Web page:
PDS leakages: the plot thickens

While diversion rates still remain high, evidence seems to point to substantial improvements in the public distribution system around the country.

Updated - December 04, 2021 11:45 pm IST

Published - August 12, 2011 11:32 pm IST

Labourers stack bags of wheat at an open FCI godown at Sonepat in Haryana. File photo

Labourers stack bags of wheat at an open FCI godown at Sonepat in Haryana. File photo

It is well understood that a substantial proportion of the grain, mainly wheat and rice, that is meant to be distributed to eligible families under the Public Distribution System (PDS) ends up being sold in the open market by corrupt intermediaries, including some dealers who manage PDS outlets. The extent of this “diversion” of PDS grain has been a matter of speculation for some time. Two recent surveys shed further light on the matter.

The diversion ratio (proportion of PDS grain “diverted” to the open market) has been estimated by several researchers in the past by matching National Sample Survey (NSS) data on household purchases with Food Corporation of India (FCI) data on “offtake.” The former tell us how much grain people are buying from the PDS. The latter tell us how much grain has been lifted by State governments from FCI godowns under the PDS quota. The difference is a rough estimate of the extent of diversion.

Based on this method, the estimated diversion ratio was around 54 per cent in 2004-05, the last year for which detailed data are available from a “thick round” of the NSS. Needless to say, this is an alarming figure. Tamil Nadu had the lowest diversion rate (around 7 per cent); the rate was well below the national average in the other southern States also (around 25 per cent in each case). By contrast, the estimated diversion rates ranged between 85 and 95 per cent in Bihar, Jharkhand, Assam, and Rajasthan. These estimates, if proved correct, suggest a comprehensive breakdown of the PDS in these States at that time.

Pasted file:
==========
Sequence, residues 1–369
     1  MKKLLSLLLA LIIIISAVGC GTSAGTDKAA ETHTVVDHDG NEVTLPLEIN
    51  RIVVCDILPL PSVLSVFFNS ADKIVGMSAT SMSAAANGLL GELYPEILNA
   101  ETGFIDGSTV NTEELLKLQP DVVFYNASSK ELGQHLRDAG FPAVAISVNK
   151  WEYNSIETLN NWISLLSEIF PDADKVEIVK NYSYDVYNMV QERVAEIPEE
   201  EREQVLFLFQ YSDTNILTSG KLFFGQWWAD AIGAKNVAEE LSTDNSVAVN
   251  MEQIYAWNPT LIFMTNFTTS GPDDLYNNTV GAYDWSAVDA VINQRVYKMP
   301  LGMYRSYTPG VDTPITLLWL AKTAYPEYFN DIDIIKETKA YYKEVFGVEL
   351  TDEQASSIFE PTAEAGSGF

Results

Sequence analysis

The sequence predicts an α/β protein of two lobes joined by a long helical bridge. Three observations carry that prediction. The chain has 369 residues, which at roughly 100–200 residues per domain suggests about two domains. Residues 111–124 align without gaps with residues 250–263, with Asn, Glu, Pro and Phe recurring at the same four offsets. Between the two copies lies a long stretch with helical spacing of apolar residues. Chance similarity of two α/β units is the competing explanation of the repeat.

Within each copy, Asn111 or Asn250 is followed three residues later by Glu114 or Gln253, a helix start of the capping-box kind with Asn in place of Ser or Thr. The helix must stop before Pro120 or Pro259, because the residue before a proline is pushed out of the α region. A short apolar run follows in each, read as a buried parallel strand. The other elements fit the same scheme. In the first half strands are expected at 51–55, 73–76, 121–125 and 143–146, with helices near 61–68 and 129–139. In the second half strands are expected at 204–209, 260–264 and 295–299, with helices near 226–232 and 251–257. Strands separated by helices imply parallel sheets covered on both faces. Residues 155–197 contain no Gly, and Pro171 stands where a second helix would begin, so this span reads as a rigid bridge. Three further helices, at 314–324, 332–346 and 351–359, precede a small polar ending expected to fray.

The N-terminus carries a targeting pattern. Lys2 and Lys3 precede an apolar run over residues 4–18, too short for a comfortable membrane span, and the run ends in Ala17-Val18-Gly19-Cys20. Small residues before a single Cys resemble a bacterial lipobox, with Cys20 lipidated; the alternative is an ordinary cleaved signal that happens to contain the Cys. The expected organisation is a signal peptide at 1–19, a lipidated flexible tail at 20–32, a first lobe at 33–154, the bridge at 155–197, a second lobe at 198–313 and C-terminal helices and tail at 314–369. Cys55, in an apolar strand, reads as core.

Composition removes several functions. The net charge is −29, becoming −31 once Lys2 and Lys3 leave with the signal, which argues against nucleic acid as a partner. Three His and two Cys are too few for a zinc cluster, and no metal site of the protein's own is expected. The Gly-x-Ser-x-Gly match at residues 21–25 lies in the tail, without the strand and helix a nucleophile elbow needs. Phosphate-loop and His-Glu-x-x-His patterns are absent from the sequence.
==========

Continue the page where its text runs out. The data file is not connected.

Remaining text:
Having said this, the reliability of NSS figures with respect to PDS purchases is not clear. There are two reasons to assume that they are not wildly off the mark. First, the State-wise averages for 2004-05 are broadly consistent with corresponding figures from the India Human Development Survey (IHDS) for the same year. Second, the inter-State patterns are more or less as one would expect, with, for instance, very little diversion in Tamil Nadu and a huge amount of it in Bihar. Nevertheless, this approach requires independent corroboration, not just because of the uncertain accuracy of NSS data, but also because of other difficulties in this method. Incidentally, among these difficulties is the utter lack of transparency in data on “offtake”: both the FCI and the Food Ministry seem to be doing their best to divulge as little as possible of it — they would do well to read Section 4 of the Right to Information Act.

Further evidence on these matters is available from a recent survey, conducted in June 2011 by student volunteers under our guidance (hereafter “PDS Survey”). The survey covered about 1,200 randomly-selected BPL households in nine sample States (Andhra Pradesh, Bihar, Chhattisgarh, Himachal Pradesh, Jharkhand, Orissa, Rajasthan, Tamil Nadu and Uttar Pradesh). The investigators were carefully trained to record the respondents' PDS purchases, in three different ways. The purchases were then compared with “entitlements” — what BPL households are supposed to get from the PDS in different States. For instance, BPL households are entitled to 25 kg of grain a month in Orissa and Rajasthan, and 35 kg a month in Chhattisgarh and Jharkhand. It turned out that in most States (with the notable exception of Bihar), BPL households were getting the bulk of their entitlements. The ratio of purchases to entitlements was 84 per cent in the sample as a whole. Here again, there were significant inter-State variations: this ratio was above 90 per cent in Andhra Pradesh, Chhattisgarh, Himachal Pradesh, Orissa and Tamil Nadu, but as low as 45 per cent in Bihar. The sample average of 84 per cent, however, suggests much lower rates of diversion (even in Bihar) than emerged from the earlier method — at least under the BPL quota.